NEW YORK -- Daniil Medvedev established himself as a worthy villain in the eyes of the demanding US Open crowd during a sensational first week at this year's tournament. But in the bright sunshine on Tuesday, he molted right before their eyes into a magician.
The 23-year-old Russian followed his terrific, busy August by becoming the youngest US Open semifinalist in a decade. Coming into the event, many assumed he would be too gassed to make a deep run, but there he is, thanks to his deconstruction of former champion Stan Wawrinka, a trick Medvedev accomplished in 2 hours, 34 minutes, 7-6 (8), 6-3, 3-6, 6-1.
Medvedev triumphed over the three-time Grand Slam champion seemingly by sleight of hand. Despite an obvious injury, he produced remarkable shots like so many rabbits, scarves, watches and coins yanked from a seemingly empty hat. "He was playing really well," Wawrinka said after the match. "He's really solid. He has a tough game to play. I never really find the right rhythm I wanted between staying back and being offensive."
Medvedev had a lot to do with Wawrinka being unable to find a comfort zone, because he has a shape-shifting game and a now-you-see-it, now-you-don't way of keeping opponents from knowing what he's going to do at any given moment.
As his coach, Gilles Cervara, said after the match: "You know, it's like guys don't know how to play [him], because his ball seems easy to play but it's really, really tough. He covers the court so well and his mentality is getting stronger and stronger." After more probing, Cervara cut to the chase: "His game is like his personality. Very different. I said already once, it's like to coach a genius."
Earlier in the tournament, Medvedev showed a genius mostly for the dark arts. He mistreated a ballperson in his third-round win, flashed a middle finger at the jeering crowd, and responded to their catcalls by thanking them, taunting them with the claim that it was their hostility that gave him the energy to get across the finish line despite his fatigue.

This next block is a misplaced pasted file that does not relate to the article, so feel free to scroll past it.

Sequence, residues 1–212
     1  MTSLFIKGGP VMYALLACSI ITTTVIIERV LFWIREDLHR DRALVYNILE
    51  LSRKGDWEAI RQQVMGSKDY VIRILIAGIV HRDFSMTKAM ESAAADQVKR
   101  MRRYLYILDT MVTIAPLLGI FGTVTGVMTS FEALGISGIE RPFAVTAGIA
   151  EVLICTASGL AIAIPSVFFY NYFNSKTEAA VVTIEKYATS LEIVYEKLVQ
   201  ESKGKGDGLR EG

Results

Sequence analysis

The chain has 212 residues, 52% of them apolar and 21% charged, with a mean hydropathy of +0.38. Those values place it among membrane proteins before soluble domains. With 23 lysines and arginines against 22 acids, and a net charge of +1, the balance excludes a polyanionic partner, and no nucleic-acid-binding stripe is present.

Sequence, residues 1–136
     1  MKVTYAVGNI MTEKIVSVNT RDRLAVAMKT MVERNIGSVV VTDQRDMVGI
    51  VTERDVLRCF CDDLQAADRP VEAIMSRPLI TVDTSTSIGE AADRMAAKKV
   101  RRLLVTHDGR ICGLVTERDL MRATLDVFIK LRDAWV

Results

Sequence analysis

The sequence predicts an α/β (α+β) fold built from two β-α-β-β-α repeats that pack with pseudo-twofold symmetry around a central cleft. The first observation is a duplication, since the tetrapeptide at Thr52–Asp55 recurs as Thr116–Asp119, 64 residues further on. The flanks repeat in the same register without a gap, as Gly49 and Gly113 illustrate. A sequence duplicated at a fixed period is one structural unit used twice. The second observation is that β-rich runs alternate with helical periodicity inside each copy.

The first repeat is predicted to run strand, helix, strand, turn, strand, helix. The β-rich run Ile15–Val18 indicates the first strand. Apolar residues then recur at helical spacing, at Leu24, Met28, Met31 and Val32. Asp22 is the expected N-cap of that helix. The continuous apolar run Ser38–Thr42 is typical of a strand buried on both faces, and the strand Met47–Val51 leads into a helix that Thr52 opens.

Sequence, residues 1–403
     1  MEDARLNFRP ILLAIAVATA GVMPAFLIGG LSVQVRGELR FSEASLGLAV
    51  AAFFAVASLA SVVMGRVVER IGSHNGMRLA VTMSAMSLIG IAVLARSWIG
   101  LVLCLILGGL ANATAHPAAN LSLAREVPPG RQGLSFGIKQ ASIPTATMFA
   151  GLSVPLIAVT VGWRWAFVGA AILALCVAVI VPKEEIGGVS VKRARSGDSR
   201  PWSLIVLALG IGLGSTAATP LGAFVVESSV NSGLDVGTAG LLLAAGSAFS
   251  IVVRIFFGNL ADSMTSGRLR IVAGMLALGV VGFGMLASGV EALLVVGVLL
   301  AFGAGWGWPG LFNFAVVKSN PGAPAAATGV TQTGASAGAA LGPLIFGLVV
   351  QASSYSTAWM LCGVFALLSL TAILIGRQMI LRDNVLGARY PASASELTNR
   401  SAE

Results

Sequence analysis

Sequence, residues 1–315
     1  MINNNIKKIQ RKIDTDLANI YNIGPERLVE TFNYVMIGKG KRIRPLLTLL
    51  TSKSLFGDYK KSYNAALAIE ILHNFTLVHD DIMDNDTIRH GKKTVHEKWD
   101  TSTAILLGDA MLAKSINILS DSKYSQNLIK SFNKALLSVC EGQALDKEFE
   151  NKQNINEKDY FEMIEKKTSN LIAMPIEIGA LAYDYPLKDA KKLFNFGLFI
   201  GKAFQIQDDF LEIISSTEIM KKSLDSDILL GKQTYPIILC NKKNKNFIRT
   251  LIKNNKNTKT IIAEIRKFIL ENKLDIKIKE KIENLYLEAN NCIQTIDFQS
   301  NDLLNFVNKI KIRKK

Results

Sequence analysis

He jousted with the crowd during his next match as well, but by the time he finished an odd little victory dance and addressed the crowd, much of the booing seemed halfhearted. Later, he assumed ownership of his earlier actions, telling reporters after that fourth-round win: "Talking about last match, I was an idiot, to be honest. I did some things that I'm not proud of and that I'm working on to be a better person on the court, because I do think I'm a good person out of the court."
Not just a good person, but a compelling player who was greeted for his most recent match politely if not exactly warmly. That would change over the course of the next unpredictable two-plus hours.
The Medvedev Magic Show began with a trick right out of the escape artist's repertoire, the kinesthetic tape on various parts of his lithe 6-foot-6 frame taking the place of chains. At the start of the match it looked as if he would barely be able to move adequately, never mind challenge one of the most feared ball strikers in tennis.
That impression was enhanced when, at 4-3 in the first set, Medvedev summoned the trainer to receive treatment on his left quadriceps muscle. He played gingerly for the next two games, after being massaged and heavily wrapped. He thought that he might not be able to continue for long. When Wawrinka broke back to level at 5-all, it seemed that Medvedev, following Novak Djokovic's lead in the previous round, might present Wawrinka's second consecutive win by retirement.